One thing you want to keep in mind is that most stations have seasonal blends, here is a bit of info I dug up awhile ago:

Key (Ethanol/Hydrocarbons): Class 1 (85/15) is the summer blend; Class 2 (80/20) is the transition blend utilized in the spring and fall; and Class 3 (75/25) is the winter blend.

Chart from the National Ethanol Vehicle Coalition.



I'm not sure how drastically this would affect stoich and tuning because the fuel is so cool (temp) and such a high octane. Worth mentioning I think.

Some distributors use the following:

Season Minimum With Blend
Spring (March-May) 74% 76.6%
Summer (Jun-Aug) 79% 81.1%
Fall (Sept-Nov) 74% 76.6%
Winter (Dec-Feb) 70% 73%

So in the winter it can be as low as E70.

Luckily around where I am an enthusiast owns the E85 station I use and maintains the summer blend year round and constantly shows 85-190% ethanol. Hope that helps!
 

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You need the ethanol content sensor!

Then you need a tuner that's going to give you 3-4 maps for ethanol. Yes the car can compensate with fuel trims but that's NOT the correct way to do things.

When switching I tell all my customers to run their tanks low then fill then fill up. If you have a gallon or two of 91 octane and fill the car up with e85, it'll mix down to e60ish. Then on your next tank of e85 it'll mix to e70ish.. It'll tank a few tanks to get to e80-85. There isn't a huge difference in octane when going e60-e80, more of a fueling difference.
When my customers go the Cobb route I give them a e65, e70, e75, e80, e85

I personally have a sensor in my car and we're installing one in our shop GTR

John
 

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Fortunately we don't seem to have the low ethanol problem here in Colorado Springs, even in the winter. This was tested 2-18-12.

 

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The sensor is very cool for sure and good piece of mind. We installed one last week on a GTR and i'm sold on it. Will be keeping the kits in stock from here on out.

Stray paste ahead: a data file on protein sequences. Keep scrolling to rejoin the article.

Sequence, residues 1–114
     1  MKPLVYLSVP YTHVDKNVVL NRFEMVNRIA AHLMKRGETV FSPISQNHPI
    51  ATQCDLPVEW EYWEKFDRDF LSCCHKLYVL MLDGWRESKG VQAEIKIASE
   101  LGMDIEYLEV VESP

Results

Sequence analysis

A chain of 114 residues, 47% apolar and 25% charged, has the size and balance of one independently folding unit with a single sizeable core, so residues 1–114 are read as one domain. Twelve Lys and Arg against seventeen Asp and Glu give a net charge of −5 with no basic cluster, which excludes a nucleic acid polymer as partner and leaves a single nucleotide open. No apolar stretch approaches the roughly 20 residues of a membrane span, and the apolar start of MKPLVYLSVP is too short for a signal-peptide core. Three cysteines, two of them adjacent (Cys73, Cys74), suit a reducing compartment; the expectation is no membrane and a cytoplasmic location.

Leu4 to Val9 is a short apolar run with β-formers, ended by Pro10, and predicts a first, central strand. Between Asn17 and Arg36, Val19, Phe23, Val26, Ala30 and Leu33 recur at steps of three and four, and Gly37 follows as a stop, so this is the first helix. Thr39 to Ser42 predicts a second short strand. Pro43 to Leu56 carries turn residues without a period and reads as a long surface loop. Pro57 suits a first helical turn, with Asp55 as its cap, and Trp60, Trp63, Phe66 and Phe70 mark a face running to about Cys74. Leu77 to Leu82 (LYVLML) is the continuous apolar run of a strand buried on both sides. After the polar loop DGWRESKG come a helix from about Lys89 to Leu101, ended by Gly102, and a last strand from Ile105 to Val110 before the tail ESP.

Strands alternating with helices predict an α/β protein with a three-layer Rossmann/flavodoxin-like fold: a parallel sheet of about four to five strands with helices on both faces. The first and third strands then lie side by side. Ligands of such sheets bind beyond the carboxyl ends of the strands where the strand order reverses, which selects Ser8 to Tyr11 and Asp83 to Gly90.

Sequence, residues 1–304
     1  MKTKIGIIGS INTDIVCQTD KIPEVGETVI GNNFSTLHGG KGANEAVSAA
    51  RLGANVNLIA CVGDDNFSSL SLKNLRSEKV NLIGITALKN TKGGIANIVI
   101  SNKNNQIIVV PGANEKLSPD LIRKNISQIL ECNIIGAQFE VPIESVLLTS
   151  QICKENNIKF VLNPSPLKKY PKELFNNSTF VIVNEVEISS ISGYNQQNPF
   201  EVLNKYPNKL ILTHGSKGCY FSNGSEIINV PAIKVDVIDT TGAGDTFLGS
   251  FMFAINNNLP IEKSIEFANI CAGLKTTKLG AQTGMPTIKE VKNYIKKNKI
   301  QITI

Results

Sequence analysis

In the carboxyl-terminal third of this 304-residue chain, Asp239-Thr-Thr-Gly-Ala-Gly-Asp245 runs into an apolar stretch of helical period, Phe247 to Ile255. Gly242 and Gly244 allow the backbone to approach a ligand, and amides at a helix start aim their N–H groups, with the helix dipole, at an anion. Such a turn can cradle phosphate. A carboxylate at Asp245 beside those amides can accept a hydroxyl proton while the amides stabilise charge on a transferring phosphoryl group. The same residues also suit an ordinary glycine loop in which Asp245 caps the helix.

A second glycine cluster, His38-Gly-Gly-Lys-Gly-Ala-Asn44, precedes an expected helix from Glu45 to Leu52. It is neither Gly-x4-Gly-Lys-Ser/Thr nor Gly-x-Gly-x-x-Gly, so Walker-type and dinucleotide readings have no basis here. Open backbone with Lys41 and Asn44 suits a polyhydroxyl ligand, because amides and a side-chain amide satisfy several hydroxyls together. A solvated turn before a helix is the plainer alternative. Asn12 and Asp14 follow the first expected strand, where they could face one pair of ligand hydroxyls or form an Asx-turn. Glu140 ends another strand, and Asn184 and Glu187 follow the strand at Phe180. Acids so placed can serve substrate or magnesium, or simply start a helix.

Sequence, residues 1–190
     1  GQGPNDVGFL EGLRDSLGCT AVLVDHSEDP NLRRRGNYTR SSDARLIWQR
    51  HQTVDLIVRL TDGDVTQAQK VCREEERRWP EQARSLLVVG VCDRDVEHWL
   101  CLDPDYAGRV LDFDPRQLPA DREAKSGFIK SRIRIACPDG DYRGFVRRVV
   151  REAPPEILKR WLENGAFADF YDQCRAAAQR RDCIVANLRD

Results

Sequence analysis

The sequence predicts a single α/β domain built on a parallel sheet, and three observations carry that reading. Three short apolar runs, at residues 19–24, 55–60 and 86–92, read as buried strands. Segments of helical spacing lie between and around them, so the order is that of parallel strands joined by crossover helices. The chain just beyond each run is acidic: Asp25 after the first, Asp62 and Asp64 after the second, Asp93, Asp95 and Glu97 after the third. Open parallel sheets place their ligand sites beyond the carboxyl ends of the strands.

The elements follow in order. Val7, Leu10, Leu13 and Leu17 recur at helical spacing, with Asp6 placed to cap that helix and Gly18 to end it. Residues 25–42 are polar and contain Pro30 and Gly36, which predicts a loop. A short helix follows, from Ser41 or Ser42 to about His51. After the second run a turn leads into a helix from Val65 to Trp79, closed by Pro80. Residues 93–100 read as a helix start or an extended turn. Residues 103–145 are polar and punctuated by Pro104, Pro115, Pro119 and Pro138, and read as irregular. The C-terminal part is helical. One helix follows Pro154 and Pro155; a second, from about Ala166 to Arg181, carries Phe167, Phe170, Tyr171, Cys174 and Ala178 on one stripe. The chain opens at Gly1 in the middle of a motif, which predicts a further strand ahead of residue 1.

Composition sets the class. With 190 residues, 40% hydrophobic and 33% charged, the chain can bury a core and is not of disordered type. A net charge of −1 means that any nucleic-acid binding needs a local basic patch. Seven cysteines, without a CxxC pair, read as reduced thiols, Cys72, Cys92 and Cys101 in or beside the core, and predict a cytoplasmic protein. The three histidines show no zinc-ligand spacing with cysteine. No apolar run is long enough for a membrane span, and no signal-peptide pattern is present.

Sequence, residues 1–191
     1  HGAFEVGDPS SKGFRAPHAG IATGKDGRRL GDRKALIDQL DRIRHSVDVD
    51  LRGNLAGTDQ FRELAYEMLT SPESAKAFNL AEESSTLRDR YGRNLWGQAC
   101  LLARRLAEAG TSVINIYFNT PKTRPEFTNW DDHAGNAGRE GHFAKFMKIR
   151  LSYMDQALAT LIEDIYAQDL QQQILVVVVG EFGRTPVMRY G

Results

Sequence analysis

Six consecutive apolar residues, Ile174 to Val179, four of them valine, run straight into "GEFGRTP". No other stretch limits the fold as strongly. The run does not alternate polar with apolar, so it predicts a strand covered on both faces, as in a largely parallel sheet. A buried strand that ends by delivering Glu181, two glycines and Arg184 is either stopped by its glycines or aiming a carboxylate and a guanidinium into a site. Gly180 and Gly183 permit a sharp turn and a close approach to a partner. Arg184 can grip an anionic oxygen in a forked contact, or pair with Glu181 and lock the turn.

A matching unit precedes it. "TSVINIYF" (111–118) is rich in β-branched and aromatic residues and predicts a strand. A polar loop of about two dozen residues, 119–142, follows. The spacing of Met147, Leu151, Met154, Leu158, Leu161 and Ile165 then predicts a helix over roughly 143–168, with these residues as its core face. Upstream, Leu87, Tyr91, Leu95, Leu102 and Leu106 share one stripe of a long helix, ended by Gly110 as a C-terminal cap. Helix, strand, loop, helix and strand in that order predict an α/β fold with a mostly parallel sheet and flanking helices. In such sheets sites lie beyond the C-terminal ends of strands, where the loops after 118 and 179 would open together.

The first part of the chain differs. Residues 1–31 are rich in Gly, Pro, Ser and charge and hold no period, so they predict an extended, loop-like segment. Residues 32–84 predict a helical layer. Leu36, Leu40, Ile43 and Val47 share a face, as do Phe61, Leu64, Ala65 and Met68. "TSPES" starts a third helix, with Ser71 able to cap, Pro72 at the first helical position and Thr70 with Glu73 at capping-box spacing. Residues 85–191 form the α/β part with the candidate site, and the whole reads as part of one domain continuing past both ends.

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Just got my analyzer installed, and it works great! Highly recommend to anyone using E85 or any ethanol based fuel.

This is where I located mine.
Looks good!

Zeitronix is def on my to do list, but realistically I'm not too worried until I turn up the boost. Soon...
 

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I would like to see some photos of the GM sensor installation. Thanks!
T1 Race did the install for my Zeitronix. Tony caught that the GM sensor only flows 200lph and if we put it directly in between the fuel return line that it would cause a disruption in the flow, so Tony and his crew tee'd in between the return line so that the sensor can still do its job without messing with the flow of the fuel system. I'll post picture of the install later tonight.
 

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The sensor is very cool for sure and good piece of mind. We installed one last week on a GTR and i'm sold on it. Will be keeping the kits in stock from here on out.
cost on the sensor?
 

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The kit is $587 and includes the flex fuel sensor, wire harness from the sensor to the display, and the display unit. I'll put some more pics up when they come in, probably tomorrow or Friday.

Installation isn't all that straight forward because the sensor is kind of big, but i'm going to try to come up with a 'PNP' kit for it. Will be after TX2K though, we're slammed getting ready for that at the moment.

Tuan said he'll put up some pics of the install we did on his tonight.
 

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Tony caught that the GM sensor only flows 200lph and if we put it directly in between the fuel return line that it would cause a disruption in the flow
That is critical info, thanks for mentioning this. I didn't even think about it, but I def didn't spend the time and money to make all -12/-10/-8 fuel lines only to have flow impeded by a little sensor.